It’s amazing to think that a single buried fibre cable, barely one half-inch in diameter but thousands of kilometers long, plays such a big role in connecting northerners to the outside world.
In 2013, this Northwestel fibre cables carried at its peak three gigabits per second of data. By 2015 that had more than doubled to 8 Gbps. By 2017 we expect that to double yet again.
That’s a lot of phone calls and Netflix binges, but also a lot of credit card transactions and hospital X-rays.
As our broadband usage continues its exponential rise, so too does the impact of a fibre cut on our daily lives and our economy. We know doing nothing is not an option.
That’s why Northwestel put forward a proposal to governments in the North to help us complete a redundant fibre loop that will protect phone, Internet, business and government services in the Yukon, Northwest Territories and in satellite served communities throughout the North.
We put this proposal forward as part of our commitment to delivering the most reliable service possible to our Northern customers. Despite there being no new revenue opportunities for Northwestel, we have proposed owning, operating and paying for over 70 per cent of the total lifetime cost of the new fibre.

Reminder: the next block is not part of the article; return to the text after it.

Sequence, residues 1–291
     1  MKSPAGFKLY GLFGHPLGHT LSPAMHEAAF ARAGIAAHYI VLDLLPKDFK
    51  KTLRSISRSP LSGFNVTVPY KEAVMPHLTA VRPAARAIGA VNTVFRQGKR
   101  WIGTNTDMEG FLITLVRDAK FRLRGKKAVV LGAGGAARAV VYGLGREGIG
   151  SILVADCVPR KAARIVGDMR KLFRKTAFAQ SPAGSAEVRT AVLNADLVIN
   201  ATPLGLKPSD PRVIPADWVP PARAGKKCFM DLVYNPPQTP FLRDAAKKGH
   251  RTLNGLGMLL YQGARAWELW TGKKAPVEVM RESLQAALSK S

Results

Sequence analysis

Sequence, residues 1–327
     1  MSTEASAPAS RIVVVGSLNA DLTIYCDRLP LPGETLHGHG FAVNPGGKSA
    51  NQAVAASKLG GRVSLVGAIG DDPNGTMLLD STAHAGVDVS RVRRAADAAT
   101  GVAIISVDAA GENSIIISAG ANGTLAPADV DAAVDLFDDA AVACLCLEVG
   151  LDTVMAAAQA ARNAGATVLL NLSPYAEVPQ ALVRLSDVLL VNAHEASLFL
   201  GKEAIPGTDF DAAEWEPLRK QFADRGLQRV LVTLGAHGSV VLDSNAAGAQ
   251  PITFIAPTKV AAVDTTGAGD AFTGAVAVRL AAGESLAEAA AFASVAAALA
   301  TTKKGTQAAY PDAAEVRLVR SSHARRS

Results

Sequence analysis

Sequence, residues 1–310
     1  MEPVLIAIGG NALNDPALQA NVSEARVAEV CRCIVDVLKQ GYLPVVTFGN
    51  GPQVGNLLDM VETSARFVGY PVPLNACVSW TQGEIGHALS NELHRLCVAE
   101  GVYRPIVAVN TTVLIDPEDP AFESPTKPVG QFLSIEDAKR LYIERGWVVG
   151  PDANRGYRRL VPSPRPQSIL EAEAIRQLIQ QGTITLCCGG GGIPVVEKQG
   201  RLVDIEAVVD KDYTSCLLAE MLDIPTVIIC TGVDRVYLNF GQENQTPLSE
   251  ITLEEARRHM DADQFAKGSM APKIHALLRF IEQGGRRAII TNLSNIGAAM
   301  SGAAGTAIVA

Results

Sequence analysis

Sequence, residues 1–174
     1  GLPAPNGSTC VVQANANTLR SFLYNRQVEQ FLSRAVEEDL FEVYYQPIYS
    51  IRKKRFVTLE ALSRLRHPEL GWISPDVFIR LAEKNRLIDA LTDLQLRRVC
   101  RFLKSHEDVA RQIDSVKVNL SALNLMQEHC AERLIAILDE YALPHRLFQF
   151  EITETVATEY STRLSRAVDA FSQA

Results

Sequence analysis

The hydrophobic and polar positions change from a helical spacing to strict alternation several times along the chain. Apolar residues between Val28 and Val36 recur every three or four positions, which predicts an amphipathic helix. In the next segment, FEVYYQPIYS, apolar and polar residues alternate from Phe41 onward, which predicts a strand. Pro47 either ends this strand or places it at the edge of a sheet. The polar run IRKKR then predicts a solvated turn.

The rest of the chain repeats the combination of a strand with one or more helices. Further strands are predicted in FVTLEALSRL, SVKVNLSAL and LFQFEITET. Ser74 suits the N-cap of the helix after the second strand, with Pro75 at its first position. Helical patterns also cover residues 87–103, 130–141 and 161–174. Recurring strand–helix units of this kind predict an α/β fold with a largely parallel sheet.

It’s one of many investments Northwestel is making to improve our entire end-to-end network. This year alone, we’ve invested over $43 million in capital infrastructure. These investments have allowed us to double northern broadband capacity, improve last mile service delivery, upgrade rural phone features and increase Internet speeds.
In Whitehorse we can see the results with Internet speeds up to 150 Mbps and 98 new digital TV channels delivered over our network.
We’re making our network faster, bigger and more responsive. We also need to do the hard work to make it more reliable.
Here’s something you probably don’t know. Just this past weekend, the main fibre line that runs from Edmonton into the N.W.T. stopped transmitting data completely. For more than 16 hours, the fibre line went totally dark.
Why didn’t we see a single news story about a business that had to close its doors, or a resident who couldn’t make a cell phone call? Because Northwestel’s southern fibre network runs on a loop. We were able to simply route all traffic the other way around the loop as repairs were completed.
Its past time the entire northern fibre network benefitted from this same level of protection. Northwestel is ready to do its part.
We’ve already begun the next phase of detailed engineering to keep this project on track. We’re proud to be working with government partners to strengthen our connections in the North for the benefit of all Northerners.
Northwestel President and CEO